Application of Stable Light Isotope Ratios and Trace Element Concentrations for the Authentication of Saffron
|dc.contributor.author||Wakefield, Joshua William|
|dc.identifier.citation||Wakefield, J. W. (2014). Application of Stable Light Isotope Ratios and Trace Element Concentrations for the Authentication of Saffron (Thesis, Master of Science). University of Otago. Retrieved from http://hdl.handle.net/10523/4703||en|
|dc.description.abstract||Fraudulent practices to increase profits by unscrupulous producers in relation to food products has an extensive history with a recent increase in prevalence due to a large international supply chain, complicated trade routes, modern manufacturing infrastructure and the freedom of food trade. “Food fraud” is the encompassing term used to describe these fraudulent practices and can be defined as the intentional tampering or misrepresentation of food products for economic gain. The concerns of government bodies, consumers and producers of this so called food fraud are twofold; firstly there are substantial economic implications to all those involved and secondly minor to severe health issues can arise. As such, a relatively new area of analytical chemistry has been developed to combat food fraud: Food authentication. One type of food fraud that is becoming increasingly prevalent is the misrepresentation of the origin of a food product. The misrepresentation of geographic origin is economically viable because of differences in price between production areas due to consumer demand. This difference in consumer demand is due to patriotism, quality perception and concerns about quality, health and production methods. As such, one area of food authentication deals with the provenancing of foodstuffs. While multiple techniques have been developed for this area the two which are most commonly utilized due to their robustness and links to the geographic origin of a food product are the measurement of stable light isotope ratios and trace element concentrations. Saffron is a spice derived from dried stigmas of the Crocus sativus plant and is generally used as a food additive for its desirable colour, flavour and aroma. Saffron is currently the world’s most expensive spice and partially because of this distinction has been subjected to many forms of food fraud throughout history, including fraudulent geographical origin claims. Thus, this thesis is concerned with the adaptation and application of stable light isotope ratios and trace elements concentrations for the geographic origin differentiation of saffron. This current study also investigated the application of these techniques for the identification of adulterated saffron. Compound-specific isotope ratios were also investigated to supplement these two techniques for both the differentiation of the spice based on geographic origin and for the identification of adulterated saffron. The applied methods were successful in enabling the determination of the stable light isotope ratios and trace element concentrations of saffron. Applying these techniques to samples from the Khorasan province of Iran and the La Mancha region of Spain, followed by appropriate statistical analysis and interpretation, enabled the differentiation of the measured samples from Iran and Spain. However a much larger database would be required to be built, which contains samples representative of the populations of concern, if the techniques are to be utilized for the provenancing of a sample of completely unknown origin. Regional differentiation of the measured samples from the Khorasan province in Iran proved more difficult. The techniques also show promise for the identification of saffron adulterated with what is suspected to be paper. Preliminary results from compound-specific isotope ratio analysis appear to show promise for both the identification of saffron adulterated with synthetic aroma compounds and as an extra dimension for the provenancing of the spice.|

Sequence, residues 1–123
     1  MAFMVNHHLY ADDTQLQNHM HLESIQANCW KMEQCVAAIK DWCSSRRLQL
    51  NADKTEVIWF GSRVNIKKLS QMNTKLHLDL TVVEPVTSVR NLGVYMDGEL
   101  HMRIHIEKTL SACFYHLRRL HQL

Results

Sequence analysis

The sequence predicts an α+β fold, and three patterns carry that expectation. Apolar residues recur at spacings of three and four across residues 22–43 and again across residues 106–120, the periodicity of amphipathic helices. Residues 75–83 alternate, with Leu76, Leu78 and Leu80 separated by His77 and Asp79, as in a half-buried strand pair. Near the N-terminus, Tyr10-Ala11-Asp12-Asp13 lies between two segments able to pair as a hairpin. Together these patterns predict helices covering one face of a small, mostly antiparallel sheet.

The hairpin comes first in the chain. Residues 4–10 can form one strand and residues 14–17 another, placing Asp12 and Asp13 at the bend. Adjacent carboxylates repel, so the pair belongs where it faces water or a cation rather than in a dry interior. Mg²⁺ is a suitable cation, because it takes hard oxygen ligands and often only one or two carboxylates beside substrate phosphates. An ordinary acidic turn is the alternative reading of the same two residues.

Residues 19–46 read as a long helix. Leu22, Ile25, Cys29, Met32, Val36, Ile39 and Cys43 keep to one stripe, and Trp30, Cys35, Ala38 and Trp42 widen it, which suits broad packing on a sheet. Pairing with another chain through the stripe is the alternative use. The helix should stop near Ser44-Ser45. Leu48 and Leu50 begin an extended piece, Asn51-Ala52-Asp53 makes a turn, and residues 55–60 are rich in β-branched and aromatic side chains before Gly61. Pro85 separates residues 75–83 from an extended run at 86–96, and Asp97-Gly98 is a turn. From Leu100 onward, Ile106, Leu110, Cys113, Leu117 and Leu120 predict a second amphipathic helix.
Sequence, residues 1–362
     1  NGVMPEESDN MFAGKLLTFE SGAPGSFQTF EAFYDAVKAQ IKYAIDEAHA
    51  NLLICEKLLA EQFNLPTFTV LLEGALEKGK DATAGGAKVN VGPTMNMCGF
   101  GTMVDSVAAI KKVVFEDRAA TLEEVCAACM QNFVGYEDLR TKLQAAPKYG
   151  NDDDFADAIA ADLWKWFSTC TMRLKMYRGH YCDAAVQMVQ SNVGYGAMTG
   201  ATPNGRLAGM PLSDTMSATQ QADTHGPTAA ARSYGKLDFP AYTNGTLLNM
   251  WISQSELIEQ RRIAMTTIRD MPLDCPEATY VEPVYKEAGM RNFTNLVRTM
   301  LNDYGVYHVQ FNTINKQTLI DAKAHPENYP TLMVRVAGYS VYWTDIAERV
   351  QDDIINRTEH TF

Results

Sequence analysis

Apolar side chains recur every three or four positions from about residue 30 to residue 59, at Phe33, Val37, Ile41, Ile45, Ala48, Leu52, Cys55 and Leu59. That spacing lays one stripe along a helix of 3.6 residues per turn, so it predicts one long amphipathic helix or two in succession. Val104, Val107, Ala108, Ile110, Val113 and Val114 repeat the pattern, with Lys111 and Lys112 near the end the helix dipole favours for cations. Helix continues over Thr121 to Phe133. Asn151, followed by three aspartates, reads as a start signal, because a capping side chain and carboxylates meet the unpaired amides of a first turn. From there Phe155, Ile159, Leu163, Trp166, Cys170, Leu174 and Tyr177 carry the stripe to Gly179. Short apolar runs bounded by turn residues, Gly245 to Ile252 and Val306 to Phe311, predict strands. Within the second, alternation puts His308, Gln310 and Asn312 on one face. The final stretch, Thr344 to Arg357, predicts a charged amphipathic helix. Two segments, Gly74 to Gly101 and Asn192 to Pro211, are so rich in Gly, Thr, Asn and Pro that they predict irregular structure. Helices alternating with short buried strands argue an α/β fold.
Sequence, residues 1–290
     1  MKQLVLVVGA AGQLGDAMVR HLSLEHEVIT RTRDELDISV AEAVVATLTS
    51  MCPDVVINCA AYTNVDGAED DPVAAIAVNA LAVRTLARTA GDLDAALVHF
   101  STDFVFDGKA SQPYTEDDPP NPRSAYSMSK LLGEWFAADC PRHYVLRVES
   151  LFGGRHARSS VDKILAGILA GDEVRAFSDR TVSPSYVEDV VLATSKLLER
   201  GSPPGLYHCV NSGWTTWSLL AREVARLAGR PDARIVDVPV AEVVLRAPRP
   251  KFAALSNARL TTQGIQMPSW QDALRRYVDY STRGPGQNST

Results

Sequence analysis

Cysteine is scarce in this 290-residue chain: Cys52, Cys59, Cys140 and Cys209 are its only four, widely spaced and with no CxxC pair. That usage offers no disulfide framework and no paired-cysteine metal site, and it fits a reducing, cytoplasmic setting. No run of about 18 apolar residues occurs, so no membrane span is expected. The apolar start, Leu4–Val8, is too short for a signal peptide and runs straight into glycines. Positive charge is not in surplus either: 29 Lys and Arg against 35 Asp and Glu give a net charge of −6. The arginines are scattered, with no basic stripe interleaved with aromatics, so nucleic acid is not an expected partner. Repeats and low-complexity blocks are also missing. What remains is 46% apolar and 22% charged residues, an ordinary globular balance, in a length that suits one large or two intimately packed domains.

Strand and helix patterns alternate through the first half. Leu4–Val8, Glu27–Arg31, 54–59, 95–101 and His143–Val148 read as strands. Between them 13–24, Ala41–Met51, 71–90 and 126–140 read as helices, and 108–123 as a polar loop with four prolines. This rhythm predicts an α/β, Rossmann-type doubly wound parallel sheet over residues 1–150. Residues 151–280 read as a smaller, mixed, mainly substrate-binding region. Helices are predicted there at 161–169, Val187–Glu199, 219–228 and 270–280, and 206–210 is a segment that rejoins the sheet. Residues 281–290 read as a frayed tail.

|dc.publisher||University of Otago|
|dc.rights||All items in OUR Archive are provided for private study and research purposes and are protected by copyright with all rights reserved unless otherwise indicated.|
|dc.title||Application of Stable Light Isotope Ratios and Trace Element Concentrations for the Authentication of Saffron|
|thesis.degree.name||Master of Science|
|thesis.degree.grantor||University of Otago|
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